How Are Acrylic Nails Done?, Acrylic nails aren’t the new kids on the block. But they have been increasingly popular in recent years because these are relatively easy DIY jobs, although a professional application is recommended.
Take note that acrylic is a combination of a powder polymer and a liquid monomer. When combined, it becomes a paste that can be bonded to the natural nail with a clear base and a nail glue.
There are several steps in applying acrylic to natural nails, so read on! You should also consider getting your own Sandistore Home Acrylic Nail Set. You may need special clippers, too, such as the Dr. Nail Professional Acrylic Nail Clipper.
Getting Your Natural Nails Ready
- Remove old nail polish,
- if any, with an oil-free, acetone-based nail polish remover.
- Trim your nails with either nail clippers or nail scissors until they are of manageable length. Your nails should be short and even, as well as a few millimeters out from their so-called smile line.
- Remove the shine from your nails by buffing them. You can use a soft nail file on their surface until they are slightly rougher than usual.
- Soak your nails in warm water for 5 minutes to make them soft and wet.
- Push back your nail cuticles using a wooden cuticle pusher or a wooden popsicle stick.
- Apply the nail primer on your natural nails. (Use acid-free primers since these are safer on your skin)
These steps are necessary since the acrylic will not effectively stick to your natural nails otherwise.
Applying The Acrylic
If you are a newbie and we think you are because you’re reading this, you should ideally practice on a training hand.
- Place the tip, or the plastic base, on the edge of your natural nail. You should find tips that perfectly fit your nails, although large tips can be filed down to size.
- Place a dab of nail glue on the edge of the tip from side to side. Just a little will do, especially as glue beyond the tip can become messy. Don’t let the glue touch your skin, too.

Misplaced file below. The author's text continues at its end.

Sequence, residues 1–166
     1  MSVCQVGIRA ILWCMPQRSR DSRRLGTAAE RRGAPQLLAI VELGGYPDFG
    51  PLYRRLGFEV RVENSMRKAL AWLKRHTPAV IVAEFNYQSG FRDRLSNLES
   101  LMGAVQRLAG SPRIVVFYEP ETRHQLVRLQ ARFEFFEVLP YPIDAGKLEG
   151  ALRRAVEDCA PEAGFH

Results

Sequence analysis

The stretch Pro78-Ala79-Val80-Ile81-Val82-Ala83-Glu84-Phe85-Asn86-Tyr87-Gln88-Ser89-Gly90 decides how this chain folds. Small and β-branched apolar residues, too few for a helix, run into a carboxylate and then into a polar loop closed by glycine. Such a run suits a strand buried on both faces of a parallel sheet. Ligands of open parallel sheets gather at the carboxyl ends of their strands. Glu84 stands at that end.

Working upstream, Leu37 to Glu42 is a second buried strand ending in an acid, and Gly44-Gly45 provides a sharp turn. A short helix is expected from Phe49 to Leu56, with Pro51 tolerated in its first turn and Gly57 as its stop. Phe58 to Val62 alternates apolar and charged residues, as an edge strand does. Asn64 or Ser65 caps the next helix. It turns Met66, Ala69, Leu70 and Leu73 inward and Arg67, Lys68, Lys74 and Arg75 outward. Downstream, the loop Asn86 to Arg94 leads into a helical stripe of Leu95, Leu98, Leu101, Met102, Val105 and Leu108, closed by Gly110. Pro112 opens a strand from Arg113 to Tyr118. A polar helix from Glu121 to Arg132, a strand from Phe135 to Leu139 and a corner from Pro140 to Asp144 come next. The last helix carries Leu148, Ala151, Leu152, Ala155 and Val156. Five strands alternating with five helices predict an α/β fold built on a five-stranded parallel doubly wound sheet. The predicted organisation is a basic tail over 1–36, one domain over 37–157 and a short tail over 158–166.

- Place the tip on your natural nail. Check that the tip’s bottom edge is centered halfway down your natural nail’s surface.
- Press on the tip lightly for five minutes, which will allow the glue to dry completely.
- Cut the tip to the desired length.
You’re now ready to apply the acrylic paste. Be sure to work with the paste in a well-ventilated area as it emits strong fumes.
- Pour the liquid monomer into a small bowl.
- Pour the powder polymer into a separate dish.
- Dip the brush into the liquid monomer. Push all the way down so that the bubbles in the liquid can be removed. Tap the brush against the bowl’s side, which will remove the excess liquid monomer.
- Dip the same brush into the powder polymer. It should result in a small, moist, and pliable ball at the end of the brush. (You will likely experiment until the right ratio between these two substances can be achieved)
- Apply the acrylic mixture on the tip’s bottom edge, near the smile line.
- Gently flatten the acrylic over the smile line and slowly brush it down to the tip. The transition from your natural nail to the acrylic tip should be smooth.
- Apply the second ball of the acrylic mixture near your natural nail cuticle. Brush the acrylic downwards to the smile line.
- Smoothen out the acrylic mixture.
Repeat these steps for the other nine nails. You should wait at least 10 minutes for all the acrylic nails to be completely dry. Afterward, you can use a buff to make the nails shiny and smooth before applying nail polish.